Synopsis by Hal Erickson
One of several film versions of the 1928 Russian novel The Twelve Chairs (one of the better-known adaptations was the 1945 Fred Allen vehicle It's in the Bag), Mel Brooks' movie is set in the years following the Bolshevik revolution. Onetime aristocrat Vorobyaninov (Ron Moody), now reduced to a humdrum clerical job, discovers that his family's fortune still exists. To keep their riches from falling into the hands of the revolutionaries, Vorobyaninov's family hid the loot in one of twelve chairs. Taking a crafty beggar (Frank Langella) into his confidence, Vorobyaninov returns to the ruins of his ancestral mansion to reclaim his fortune. Also chasing after the twelve chairs is an Orthodox priest (Dom DeLuise), who tells himself that he only wants the money to replenish his church. Alas, the chairs have been scattered to the four winds, sparking a film-length race to retrieve the furniture and claim the gold.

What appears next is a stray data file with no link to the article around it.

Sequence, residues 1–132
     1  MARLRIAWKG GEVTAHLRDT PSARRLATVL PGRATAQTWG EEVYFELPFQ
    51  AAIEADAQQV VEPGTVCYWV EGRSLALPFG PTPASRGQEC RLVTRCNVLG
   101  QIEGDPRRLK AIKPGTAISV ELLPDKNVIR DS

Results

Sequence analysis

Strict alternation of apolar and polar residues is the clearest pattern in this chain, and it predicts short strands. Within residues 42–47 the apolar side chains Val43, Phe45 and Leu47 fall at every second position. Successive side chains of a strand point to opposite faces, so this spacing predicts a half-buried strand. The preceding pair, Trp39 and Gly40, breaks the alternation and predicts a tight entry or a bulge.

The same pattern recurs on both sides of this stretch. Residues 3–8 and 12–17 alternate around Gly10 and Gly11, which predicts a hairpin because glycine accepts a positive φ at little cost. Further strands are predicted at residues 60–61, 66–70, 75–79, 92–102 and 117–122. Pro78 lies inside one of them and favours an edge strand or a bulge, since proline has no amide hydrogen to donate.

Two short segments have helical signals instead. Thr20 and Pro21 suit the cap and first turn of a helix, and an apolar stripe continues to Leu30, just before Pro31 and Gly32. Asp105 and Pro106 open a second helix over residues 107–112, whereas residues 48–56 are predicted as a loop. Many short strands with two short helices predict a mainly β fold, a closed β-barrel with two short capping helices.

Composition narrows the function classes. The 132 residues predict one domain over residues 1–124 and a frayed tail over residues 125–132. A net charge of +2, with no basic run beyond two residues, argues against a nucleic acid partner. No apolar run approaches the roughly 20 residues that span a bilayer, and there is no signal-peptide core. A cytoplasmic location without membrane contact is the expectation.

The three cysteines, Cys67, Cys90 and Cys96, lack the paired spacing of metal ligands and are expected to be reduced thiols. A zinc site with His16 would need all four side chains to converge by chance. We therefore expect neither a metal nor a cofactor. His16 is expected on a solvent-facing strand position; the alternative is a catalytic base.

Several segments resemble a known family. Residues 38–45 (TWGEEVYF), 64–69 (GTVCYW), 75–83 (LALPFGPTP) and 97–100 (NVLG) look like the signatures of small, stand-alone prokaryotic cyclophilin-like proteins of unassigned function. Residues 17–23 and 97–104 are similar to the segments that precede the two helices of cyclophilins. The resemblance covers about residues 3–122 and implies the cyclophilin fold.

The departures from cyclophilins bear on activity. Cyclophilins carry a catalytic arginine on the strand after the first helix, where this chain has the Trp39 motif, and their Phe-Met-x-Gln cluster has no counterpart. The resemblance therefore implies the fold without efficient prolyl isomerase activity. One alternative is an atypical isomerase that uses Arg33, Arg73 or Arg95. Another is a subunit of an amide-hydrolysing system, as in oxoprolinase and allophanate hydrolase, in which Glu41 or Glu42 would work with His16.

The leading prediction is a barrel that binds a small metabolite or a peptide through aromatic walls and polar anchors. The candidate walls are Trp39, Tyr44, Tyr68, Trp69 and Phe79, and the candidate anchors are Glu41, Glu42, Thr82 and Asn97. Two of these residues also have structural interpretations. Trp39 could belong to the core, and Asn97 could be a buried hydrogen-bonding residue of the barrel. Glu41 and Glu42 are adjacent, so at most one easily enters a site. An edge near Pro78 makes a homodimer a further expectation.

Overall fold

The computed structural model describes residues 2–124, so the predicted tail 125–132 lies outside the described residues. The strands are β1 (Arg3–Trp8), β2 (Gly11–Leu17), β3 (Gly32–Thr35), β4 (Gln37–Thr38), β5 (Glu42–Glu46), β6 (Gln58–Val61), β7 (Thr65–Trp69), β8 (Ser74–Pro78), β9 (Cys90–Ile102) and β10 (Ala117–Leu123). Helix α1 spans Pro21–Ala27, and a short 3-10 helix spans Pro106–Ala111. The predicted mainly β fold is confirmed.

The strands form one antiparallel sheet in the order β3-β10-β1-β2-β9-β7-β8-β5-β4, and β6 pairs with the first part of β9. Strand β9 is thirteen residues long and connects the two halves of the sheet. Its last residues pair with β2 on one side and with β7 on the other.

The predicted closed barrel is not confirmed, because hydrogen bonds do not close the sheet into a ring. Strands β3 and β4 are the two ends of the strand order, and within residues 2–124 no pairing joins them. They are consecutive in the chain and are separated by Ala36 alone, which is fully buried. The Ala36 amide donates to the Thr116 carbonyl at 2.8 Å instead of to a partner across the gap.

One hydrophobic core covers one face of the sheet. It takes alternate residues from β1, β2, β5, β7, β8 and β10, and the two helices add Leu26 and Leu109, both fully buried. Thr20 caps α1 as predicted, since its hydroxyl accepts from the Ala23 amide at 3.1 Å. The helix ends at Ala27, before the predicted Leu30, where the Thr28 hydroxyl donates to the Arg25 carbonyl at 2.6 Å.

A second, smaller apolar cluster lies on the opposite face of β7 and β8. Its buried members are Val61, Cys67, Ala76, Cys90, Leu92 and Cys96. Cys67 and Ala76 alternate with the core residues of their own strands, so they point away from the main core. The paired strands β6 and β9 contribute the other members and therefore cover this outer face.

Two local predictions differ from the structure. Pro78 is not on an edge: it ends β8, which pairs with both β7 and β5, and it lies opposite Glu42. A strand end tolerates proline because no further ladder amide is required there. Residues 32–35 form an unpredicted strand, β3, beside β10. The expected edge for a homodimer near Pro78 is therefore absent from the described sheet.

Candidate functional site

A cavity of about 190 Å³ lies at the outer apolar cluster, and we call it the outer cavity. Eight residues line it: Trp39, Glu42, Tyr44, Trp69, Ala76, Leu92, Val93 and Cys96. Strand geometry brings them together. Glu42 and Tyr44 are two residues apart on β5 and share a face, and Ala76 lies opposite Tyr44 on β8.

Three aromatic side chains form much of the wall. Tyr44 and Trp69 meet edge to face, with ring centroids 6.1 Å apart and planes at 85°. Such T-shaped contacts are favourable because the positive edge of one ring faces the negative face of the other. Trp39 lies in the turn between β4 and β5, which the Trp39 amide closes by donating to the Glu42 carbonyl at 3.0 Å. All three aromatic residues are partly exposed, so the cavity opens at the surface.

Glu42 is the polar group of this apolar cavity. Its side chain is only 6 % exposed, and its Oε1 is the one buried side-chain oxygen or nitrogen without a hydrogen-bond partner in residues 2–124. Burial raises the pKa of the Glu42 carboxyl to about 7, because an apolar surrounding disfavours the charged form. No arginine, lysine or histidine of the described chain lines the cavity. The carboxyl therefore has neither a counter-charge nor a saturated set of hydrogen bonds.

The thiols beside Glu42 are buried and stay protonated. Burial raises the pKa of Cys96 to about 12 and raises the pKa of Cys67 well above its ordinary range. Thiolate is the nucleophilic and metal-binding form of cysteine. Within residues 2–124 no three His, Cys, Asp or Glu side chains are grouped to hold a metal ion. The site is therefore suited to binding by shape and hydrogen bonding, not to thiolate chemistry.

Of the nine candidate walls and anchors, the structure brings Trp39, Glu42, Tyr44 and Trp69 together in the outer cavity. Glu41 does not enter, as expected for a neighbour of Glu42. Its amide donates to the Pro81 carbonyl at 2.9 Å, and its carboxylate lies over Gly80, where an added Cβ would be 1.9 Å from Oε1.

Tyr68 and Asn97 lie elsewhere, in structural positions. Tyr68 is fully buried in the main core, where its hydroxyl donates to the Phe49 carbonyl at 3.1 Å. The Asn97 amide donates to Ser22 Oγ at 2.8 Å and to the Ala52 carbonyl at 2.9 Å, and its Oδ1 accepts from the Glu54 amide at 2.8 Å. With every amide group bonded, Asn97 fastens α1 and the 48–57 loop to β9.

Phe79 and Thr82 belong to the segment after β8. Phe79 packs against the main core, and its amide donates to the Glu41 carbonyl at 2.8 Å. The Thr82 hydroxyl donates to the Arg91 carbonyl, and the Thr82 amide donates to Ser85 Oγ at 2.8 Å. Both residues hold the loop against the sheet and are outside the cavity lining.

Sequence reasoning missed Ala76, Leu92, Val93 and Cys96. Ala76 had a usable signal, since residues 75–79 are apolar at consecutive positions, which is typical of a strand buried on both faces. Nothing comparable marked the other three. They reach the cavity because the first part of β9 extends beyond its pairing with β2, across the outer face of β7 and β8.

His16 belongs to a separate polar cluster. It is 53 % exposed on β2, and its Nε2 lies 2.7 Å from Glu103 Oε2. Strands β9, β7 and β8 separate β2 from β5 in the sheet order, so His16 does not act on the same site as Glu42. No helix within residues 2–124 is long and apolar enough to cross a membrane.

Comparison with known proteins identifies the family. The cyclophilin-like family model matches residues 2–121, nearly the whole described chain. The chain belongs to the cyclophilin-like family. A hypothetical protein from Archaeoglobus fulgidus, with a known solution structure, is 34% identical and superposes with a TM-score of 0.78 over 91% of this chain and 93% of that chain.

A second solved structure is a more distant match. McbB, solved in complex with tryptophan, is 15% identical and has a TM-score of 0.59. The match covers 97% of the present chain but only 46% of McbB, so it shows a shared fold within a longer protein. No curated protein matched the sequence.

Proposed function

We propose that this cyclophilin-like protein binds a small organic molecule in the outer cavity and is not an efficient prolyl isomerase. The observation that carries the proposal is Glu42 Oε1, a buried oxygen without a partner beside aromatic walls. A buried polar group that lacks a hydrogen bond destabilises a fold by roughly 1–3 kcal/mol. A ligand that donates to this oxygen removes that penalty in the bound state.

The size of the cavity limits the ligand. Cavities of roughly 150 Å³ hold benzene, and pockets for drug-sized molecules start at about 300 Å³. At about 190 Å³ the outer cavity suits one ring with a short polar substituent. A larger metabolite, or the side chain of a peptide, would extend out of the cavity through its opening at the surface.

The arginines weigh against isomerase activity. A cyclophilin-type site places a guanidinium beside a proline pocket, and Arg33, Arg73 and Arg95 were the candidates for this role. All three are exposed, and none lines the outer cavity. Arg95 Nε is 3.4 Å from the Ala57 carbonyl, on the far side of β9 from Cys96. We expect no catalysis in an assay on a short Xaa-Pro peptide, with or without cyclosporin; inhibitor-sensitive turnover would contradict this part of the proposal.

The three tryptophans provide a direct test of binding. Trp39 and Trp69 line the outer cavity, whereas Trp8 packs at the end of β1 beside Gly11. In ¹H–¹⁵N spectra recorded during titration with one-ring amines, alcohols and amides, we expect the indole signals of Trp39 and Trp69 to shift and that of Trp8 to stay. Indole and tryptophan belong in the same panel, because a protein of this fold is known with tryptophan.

chair, search, treasure, fortune [wealth], priest